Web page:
The Generators supplied power to the DISCOMS over time and raised invoices at the tariffs determined by the APERC, however, no payments were made. Years after the PPAs had been executed and power was being supplied at the rates determined by the APERC, the Government of Andhra Pradesh was of the view that these tariffs were exorbitant, and the State Government was being pushed into a financial black hole. To ensure steps were being taken to reduce the tariff, the Government of Andhra Pradesh vide Government Order Rt. No. 63 (“GO”) constituted a High-Level Negotiating Committee (“HLNC”) to review the PPAs, negotiate with the Generators, reduce the prices and to make suitable recommendations. Subsequently, on July 12, 2019, a letter was issued to all the Generators, wherein it was stated that the determination of tariff by the APERC did not reveal the true market price and an accurate price for the same was required to be determined. The Generators were requested to reduce the tariff to Rs. 2.44/KWH for solar Generators and Rs. 2.43/ KWH for wind Generators from the date of commissioning of the projects and revise the bills that are already submitted and are due for payment within ten days. The letter also stated that if the tariffs were not reduced by the Generators, the DISCOMS would terminate the PPAs.

The Generators challenged this letter and the GO by way of a writ petition before the Andhra Pradesh High Court. Apart from this, the Generators were also aggrieved by the failure of DISCOMS to pay bills and deliberate curtailment of power from Generators who have a ‘Must Run’ status as per law.

Contention of the Parties

The Generators challenged the interference of the State and the steps taken by the Government of Andhra Pradesh in the matter on primarily two grounds: (i) since electricity is a subject in the concurrent list and a central act governing the same is in place, the State cannot issue directions or legislate which is not in line with the central legislation. The State can only give directions in matters of ‘policy’ which is not the present case. The determination of tariff is a function of the APERC, and the tariff was duly decided in terms of law. Further, nothing in the statute permits the State or DISCOM to unilaterally alter the rate provided under the PPA; (ii) the sanctity of the contract should be preserved, and the State cannot change the terms of a concluded contract or terminate the agreement due to high tariffs. The State, being a third party to the PPA, has no role to play and cannot dictate terms to the Generators. Furthermore, it was argued that pursuant to the PPAs, the Generators have heavily borrowed money for investment in plants, and any reduction in the agreed upon tariff would render them in debt.

It was clarified by the DISCOMS that they did not intend to terminate the PPAs; however, they had approached APERC for revision of tariff. For this purpose, the State intended to bring all parties to the negotiation table through steps such as the issuance of letter and constitution of the HLNC. It was explained that due to the high cost of power in Andhra Pradesh as compared to other states, the actions of the government were in public interest. It was also contended that the State is duty-bound to protect itself from financial crises and thus is empowered to issue directions. This is also made clear by the Act through sections 11, 65 and 108. Moreover, it was reiterated that electricity is a concurrent subject, which provides for State jurisdiction in the matter. The maintainability of the writ petition was challenged by placing reliance on the case of [6] Uttar Pradesh Power Corporation Ltd. v. N.T.P.C Ltd., to argue that only the APERC can decide upon the issue of tariff.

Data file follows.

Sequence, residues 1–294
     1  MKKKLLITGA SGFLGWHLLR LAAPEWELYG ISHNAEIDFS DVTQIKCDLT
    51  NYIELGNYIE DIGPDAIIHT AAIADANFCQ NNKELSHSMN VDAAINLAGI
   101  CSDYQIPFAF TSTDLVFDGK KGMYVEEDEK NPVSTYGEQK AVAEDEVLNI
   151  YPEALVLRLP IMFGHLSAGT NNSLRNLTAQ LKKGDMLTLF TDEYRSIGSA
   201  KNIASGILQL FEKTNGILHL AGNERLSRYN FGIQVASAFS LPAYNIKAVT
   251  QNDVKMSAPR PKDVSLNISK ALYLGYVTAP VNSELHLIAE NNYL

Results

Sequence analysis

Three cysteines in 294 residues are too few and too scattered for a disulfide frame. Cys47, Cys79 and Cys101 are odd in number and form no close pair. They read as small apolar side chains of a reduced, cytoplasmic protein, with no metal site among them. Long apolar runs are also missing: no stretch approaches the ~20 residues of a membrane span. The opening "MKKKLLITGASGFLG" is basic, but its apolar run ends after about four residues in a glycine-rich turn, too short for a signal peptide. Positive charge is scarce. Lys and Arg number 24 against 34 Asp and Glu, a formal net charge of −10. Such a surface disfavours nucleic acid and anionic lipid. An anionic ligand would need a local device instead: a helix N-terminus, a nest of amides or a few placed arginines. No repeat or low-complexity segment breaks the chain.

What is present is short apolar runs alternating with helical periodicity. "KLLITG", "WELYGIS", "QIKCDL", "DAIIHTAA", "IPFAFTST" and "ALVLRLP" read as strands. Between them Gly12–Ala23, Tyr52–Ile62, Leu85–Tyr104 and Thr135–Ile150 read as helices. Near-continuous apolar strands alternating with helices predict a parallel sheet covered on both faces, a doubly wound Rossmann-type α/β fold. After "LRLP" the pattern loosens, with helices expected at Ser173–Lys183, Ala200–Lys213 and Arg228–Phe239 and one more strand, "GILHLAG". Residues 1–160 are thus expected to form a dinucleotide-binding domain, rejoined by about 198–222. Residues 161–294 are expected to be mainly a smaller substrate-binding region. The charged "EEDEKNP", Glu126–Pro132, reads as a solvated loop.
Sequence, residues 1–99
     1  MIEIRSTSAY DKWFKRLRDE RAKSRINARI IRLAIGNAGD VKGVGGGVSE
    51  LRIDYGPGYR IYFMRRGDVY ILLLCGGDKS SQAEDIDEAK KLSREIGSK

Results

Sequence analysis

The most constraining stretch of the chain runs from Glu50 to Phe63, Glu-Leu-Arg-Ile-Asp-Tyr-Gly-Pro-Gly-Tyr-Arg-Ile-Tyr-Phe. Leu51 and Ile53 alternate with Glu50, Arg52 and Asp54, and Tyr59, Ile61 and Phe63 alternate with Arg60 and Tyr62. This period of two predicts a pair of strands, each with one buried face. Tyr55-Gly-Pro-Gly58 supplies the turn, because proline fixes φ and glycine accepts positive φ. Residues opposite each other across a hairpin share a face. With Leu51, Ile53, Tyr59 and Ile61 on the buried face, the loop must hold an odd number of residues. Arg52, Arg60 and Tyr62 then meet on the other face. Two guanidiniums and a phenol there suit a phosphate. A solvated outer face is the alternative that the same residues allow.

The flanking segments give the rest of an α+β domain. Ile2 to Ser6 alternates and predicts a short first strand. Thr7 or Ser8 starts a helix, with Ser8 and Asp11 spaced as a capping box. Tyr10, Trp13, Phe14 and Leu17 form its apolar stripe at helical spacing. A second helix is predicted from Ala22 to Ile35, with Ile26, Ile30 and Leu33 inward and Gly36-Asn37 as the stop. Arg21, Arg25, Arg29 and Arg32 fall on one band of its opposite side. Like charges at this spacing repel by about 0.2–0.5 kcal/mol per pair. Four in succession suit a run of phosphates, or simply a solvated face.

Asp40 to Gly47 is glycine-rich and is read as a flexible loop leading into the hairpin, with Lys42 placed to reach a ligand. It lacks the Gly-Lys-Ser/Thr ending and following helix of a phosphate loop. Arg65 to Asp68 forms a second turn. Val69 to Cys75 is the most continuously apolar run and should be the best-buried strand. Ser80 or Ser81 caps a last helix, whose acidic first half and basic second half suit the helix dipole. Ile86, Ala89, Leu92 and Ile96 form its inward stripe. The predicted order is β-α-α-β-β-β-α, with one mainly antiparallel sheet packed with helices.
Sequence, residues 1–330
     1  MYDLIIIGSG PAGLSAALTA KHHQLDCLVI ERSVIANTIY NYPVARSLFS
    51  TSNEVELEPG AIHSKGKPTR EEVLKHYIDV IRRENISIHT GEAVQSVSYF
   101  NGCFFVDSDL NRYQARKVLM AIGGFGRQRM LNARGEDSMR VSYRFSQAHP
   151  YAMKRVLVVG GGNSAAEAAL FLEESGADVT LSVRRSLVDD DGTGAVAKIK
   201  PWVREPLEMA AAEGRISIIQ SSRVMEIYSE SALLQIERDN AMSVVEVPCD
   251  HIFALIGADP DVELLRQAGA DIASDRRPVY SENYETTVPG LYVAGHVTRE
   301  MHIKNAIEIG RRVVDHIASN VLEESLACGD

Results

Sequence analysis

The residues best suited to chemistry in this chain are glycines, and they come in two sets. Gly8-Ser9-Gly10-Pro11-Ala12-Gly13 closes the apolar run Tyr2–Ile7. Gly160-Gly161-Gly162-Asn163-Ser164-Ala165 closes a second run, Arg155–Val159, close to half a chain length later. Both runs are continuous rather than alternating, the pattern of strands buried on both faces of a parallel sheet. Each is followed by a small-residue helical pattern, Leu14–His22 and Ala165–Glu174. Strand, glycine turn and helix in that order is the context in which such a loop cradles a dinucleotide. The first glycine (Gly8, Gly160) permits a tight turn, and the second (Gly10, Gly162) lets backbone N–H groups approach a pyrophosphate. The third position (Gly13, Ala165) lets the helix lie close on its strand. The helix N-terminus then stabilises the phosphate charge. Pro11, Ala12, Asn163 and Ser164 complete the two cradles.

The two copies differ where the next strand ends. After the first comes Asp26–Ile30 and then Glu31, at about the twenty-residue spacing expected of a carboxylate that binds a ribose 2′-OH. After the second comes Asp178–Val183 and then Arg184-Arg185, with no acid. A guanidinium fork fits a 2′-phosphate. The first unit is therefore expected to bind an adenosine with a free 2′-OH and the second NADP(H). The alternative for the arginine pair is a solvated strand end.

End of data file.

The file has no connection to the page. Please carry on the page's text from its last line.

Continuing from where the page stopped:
Sanctity of Contract

At its crux, the issue is one of fundamental contract law since a contract is binding on its parties. The Supreme Court in the past has held that a contract, being a creation of both the parties, is to be interpreted by having due regard to the actual terms settled between the parties. [7] The occurrence of commercial difficulty, inconvenience, or hardship in the performance of those conditions, is not considered as a justification for not complying with the terms of the contract which had been accepted with open eyes. [8] Moreover, the common law principle of privity of contract prevents a third party from enforcing the terms of a contract. During the hearing, it was also argued by the Generators that once the State, through its DISCOMs, enters a private contract, it could not claim any special privileges and would be required to honour the terms of the contract.

The Court relied on the Supreme court case of [9] Bihar State Electricity Board, Patna v. Green Rubber Industries where a party was held bound by the terms of contract even though he had not read them. The case also discussed that when the terms of a contract do not permit alteration, unilateral or not, the same cannot be done at the behest of a third party. A contract can only be modified by mutual consent of the parties or by contract or law. Further, the Supreme Court has also recognized that a party to a contract cannot at a later stage, while the contract was being performed, impose terms and conditions which were not part of the offer and which were based upon unilateral issuance of office orders. [10]